The survey asked several questions to determine whether CSHCN were receiving coordinated care:
- How satisfied are you with the communication among your child’s doctors and other health care providers, if needed?
- How satisfied are you with communication between your child’s health care providers and his/her school, early intervention program, child care providers, or vocational education or rehabilitation program, if needed?
- How often do you get as much help as you want with arranging or coordinating care, if needed?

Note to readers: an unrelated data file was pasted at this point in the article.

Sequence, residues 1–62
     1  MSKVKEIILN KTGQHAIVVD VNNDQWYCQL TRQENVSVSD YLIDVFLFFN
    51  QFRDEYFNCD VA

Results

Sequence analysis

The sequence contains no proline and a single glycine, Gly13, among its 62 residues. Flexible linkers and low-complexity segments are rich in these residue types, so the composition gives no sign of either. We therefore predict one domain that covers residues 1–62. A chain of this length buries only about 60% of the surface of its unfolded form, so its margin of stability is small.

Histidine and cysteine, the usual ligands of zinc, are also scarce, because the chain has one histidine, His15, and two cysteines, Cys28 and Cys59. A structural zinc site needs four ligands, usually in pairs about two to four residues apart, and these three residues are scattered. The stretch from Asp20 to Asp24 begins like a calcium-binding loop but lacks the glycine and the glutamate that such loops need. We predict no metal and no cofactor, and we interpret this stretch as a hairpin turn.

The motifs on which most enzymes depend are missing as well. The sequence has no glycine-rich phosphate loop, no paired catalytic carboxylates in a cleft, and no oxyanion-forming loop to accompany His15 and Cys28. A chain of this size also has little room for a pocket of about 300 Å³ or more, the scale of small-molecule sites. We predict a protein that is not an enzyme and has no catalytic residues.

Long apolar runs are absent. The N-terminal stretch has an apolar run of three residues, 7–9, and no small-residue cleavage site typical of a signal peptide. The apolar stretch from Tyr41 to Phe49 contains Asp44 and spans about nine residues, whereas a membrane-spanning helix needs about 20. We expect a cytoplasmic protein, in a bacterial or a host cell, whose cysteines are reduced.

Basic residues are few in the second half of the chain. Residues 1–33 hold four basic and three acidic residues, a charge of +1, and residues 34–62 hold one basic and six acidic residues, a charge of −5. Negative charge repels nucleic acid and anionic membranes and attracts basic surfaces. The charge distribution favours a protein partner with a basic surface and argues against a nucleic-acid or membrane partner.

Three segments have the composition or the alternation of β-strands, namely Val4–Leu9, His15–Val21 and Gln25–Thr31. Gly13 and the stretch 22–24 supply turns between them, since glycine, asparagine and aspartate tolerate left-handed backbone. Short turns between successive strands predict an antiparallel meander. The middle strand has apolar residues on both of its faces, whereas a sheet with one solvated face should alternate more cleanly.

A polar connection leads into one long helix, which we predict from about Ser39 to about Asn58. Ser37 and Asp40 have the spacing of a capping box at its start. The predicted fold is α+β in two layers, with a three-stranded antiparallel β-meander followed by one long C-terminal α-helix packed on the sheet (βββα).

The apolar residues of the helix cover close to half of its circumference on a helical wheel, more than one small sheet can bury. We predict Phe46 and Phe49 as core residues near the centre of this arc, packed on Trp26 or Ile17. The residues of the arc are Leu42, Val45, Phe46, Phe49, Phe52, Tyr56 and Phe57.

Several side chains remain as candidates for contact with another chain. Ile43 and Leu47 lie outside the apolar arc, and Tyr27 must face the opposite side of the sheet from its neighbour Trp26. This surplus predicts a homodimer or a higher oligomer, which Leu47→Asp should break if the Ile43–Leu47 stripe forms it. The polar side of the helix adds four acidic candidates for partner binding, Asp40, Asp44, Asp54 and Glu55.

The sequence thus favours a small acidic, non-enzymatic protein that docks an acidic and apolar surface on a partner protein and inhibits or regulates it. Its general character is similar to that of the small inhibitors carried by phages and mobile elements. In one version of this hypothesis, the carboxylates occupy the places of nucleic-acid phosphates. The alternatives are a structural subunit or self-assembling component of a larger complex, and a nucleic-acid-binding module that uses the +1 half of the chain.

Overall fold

For a child to qualify as receiving coordinated care, the parent had to report usually receiving help when needed and being “very satisfied” with communication among providers (when needed) and communication between providers and other programs (when needed). Overall, 46 percent of CSHCN received coordinated care by this definition.
Of the three individual elements of care coordination, the one that was least often met was communication among health care providers: the parents of 24 percent of CSHCN reported not being very satisfied. The parents of 15 percent of CSHCN reported that they did not usually receive help when needed, while the parents of 13 percent of CSHCN reported that they were not very satisfied with communication between health care providers and other programs.